This week the Supreme Court issued a 5-4 decision in favor of upholding the Trump Administration’s travel ban. To learn more about the ban, please click here. This decision will impose indefinite travel restrictions to certain nationals of Iran, Libya, North Korea, Somalia, Syria, Venezuela and Yemen, reversing a federal district court’s grant of a preliminary injunction against the restriction. The Court ruled that the travel restrictions are within the President’s powers to suspend the entry of certain foreign nationals if the entry would be detrimental to the national interest. The majority found that the travel restrictions are rationally related to U.S. national security objectives, and thus does not violate the First Amendment’s prohibition on the government’s favoring one religion over another.
Nature of the travel restrictions
Nationals of the restricted countries will remain subject to the following U.S. travel limitations, unless otherwise exempt or granted a waiver:
- Iran: No nonimmigrant visas except F/M student visas and J exchange visitor visas; no immigrant or diversity lottery visas.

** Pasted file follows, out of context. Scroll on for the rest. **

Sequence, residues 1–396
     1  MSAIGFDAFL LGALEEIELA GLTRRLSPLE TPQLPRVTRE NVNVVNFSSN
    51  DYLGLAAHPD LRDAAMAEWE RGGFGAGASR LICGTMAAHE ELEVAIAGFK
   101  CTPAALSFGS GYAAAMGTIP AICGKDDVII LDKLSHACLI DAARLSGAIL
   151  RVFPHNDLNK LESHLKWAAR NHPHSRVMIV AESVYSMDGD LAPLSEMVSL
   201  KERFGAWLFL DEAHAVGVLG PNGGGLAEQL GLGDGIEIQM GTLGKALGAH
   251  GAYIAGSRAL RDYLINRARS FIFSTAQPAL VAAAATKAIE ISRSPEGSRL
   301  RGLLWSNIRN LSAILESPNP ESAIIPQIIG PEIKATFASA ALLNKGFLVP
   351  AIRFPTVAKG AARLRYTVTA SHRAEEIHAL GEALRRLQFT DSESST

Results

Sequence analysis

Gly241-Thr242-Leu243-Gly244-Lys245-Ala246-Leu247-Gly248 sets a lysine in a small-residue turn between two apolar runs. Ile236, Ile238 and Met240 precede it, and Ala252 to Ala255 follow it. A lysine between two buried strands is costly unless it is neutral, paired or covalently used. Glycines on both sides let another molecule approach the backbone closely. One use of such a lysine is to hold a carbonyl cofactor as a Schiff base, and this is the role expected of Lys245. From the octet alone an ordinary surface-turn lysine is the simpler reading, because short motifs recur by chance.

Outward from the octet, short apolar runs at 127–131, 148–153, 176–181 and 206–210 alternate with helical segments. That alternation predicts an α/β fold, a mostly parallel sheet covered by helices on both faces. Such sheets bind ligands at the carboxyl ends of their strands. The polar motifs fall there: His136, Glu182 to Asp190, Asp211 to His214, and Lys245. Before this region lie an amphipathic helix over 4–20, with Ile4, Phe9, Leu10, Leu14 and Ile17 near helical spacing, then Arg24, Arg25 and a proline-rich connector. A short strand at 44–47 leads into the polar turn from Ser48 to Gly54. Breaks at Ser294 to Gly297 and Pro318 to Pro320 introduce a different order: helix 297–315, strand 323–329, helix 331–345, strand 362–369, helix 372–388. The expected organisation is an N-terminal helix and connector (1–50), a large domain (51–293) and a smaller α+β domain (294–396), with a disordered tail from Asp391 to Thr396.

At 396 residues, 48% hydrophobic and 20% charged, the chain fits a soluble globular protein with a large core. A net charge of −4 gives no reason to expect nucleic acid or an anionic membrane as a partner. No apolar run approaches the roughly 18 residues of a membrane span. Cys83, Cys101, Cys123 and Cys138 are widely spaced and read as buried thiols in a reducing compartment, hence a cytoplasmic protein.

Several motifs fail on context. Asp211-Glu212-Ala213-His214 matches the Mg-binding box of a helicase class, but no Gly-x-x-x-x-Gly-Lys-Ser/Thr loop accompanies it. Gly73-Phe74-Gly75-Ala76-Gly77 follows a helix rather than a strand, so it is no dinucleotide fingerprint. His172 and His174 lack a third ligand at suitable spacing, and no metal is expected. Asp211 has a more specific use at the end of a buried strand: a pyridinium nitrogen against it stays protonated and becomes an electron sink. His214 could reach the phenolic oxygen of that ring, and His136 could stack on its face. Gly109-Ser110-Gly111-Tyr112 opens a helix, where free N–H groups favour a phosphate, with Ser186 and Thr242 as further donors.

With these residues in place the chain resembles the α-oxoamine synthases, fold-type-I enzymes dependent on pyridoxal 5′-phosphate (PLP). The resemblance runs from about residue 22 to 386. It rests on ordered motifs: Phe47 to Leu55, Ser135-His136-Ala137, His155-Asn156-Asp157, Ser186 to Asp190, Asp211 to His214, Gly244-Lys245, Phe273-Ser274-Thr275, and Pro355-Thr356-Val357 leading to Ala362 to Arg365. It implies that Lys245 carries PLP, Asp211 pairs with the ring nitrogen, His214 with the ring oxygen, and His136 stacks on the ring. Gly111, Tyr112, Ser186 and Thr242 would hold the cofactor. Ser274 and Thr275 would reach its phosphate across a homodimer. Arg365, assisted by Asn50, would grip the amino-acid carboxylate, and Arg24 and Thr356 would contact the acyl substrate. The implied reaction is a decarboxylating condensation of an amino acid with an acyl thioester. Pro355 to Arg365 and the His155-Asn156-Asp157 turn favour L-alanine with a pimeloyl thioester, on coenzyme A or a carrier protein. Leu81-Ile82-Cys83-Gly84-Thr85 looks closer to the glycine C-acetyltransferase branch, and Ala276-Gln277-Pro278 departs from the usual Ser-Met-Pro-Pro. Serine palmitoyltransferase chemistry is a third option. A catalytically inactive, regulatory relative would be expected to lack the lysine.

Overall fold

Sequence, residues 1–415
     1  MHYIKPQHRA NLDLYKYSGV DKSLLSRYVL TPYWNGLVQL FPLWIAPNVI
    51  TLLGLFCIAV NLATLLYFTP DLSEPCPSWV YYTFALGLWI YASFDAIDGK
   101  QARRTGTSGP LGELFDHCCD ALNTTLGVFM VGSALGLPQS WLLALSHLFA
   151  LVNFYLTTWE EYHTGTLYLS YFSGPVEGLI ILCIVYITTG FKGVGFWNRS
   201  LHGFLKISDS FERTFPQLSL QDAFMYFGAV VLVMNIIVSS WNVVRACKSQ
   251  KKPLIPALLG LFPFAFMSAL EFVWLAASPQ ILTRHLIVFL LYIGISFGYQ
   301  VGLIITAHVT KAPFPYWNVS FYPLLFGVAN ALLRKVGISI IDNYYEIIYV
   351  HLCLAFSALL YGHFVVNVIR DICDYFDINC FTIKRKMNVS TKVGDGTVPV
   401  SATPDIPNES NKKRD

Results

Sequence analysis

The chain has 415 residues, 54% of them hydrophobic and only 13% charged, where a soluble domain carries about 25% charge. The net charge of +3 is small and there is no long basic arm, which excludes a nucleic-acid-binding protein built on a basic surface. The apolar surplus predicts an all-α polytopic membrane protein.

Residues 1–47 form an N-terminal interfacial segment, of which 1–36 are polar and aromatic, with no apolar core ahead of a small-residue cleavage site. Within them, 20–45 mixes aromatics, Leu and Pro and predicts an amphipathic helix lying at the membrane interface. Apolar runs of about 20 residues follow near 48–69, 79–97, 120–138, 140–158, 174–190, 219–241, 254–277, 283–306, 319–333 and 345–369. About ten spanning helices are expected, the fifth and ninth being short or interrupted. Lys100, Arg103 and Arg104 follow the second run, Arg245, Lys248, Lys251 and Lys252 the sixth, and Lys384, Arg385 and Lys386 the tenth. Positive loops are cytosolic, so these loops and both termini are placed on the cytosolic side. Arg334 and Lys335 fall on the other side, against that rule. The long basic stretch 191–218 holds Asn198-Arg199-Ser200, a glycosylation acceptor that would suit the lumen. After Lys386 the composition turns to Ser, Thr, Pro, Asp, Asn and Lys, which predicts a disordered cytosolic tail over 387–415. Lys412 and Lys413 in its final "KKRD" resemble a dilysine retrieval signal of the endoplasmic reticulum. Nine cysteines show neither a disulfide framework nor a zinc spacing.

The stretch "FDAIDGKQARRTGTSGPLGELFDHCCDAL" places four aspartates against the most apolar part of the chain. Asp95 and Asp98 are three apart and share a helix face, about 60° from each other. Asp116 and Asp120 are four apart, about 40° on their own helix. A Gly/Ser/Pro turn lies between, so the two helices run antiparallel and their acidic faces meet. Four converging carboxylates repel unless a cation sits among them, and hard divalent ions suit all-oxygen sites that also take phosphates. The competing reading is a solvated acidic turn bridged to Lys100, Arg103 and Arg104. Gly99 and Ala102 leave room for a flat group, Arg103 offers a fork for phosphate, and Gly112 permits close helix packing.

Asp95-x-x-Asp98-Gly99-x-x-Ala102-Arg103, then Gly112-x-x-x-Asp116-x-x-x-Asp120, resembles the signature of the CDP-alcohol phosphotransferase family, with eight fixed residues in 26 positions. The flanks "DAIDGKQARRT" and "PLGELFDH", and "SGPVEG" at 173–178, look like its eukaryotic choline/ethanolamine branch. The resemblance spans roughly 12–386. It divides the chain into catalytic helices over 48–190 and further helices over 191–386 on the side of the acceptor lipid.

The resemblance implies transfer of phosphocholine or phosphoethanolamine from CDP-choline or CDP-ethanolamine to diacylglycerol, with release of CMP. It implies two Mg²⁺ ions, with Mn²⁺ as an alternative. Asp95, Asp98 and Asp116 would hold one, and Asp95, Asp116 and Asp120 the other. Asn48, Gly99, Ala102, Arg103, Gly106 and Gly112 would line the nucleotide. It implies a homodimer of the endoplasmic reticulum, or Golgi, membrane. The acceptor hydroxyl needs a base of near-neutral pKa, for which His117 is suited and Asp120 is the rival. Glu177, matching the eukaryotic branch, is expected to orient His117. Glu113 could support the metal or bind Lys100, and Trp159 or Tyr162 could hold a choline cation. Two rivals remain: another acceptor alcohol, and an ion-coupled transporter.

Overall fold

- Libya: No B-1, B-2 or B-1/B-2 visitor visas; no immigrant or diversity lottery visas.
- North Korea: No nonimmigrant, immigrant or diversity lottery visas.
- Somalia: Nonimmigrant visa applicants subject to heightened scrutiny; no immigrant or diversity visas.
- Syria: No nonimmigrant, immigrant or diversity lottery visas.
- Venezuela: No B-1, B-2 or B-1/B-2 visas for officials of designated Venezuelan government agencies. Other visa holders are subject to verification of traveler information. No restrictions on immigrant or diversity lottery visas.
- Yemen: No B-1, B-2 or B-1/B-2 visitor visas; no immigrant or diversity lottery visas.
Exemptions and Waivers
The following classes of foreign nationals are exempt from the ban:
- Lawful permanent residents
- Dual nationals traveling on a passport from a non-restricted country
- Foreign nationals who hold a valid U.S. visa or advance parole
- Those who were physically in the U.S. on the applicable original date of the travel restrictions.
Foreign nationals who are not exempt may request a waiver when applying for a visa. To be eligible for the waiver, a foreign national must demonstrate that they will suffer undue hardship if denied entry and that their entry would not pose a threat to U.S. national security or public safety. To learn more about the waiver, please click here.
The current travel restrictions will remain in place under this Administration lifts them or removes a particular country from the list. The Administration could also add new countries and broaden restrictions on foreign nationals already subject to the proclamation.
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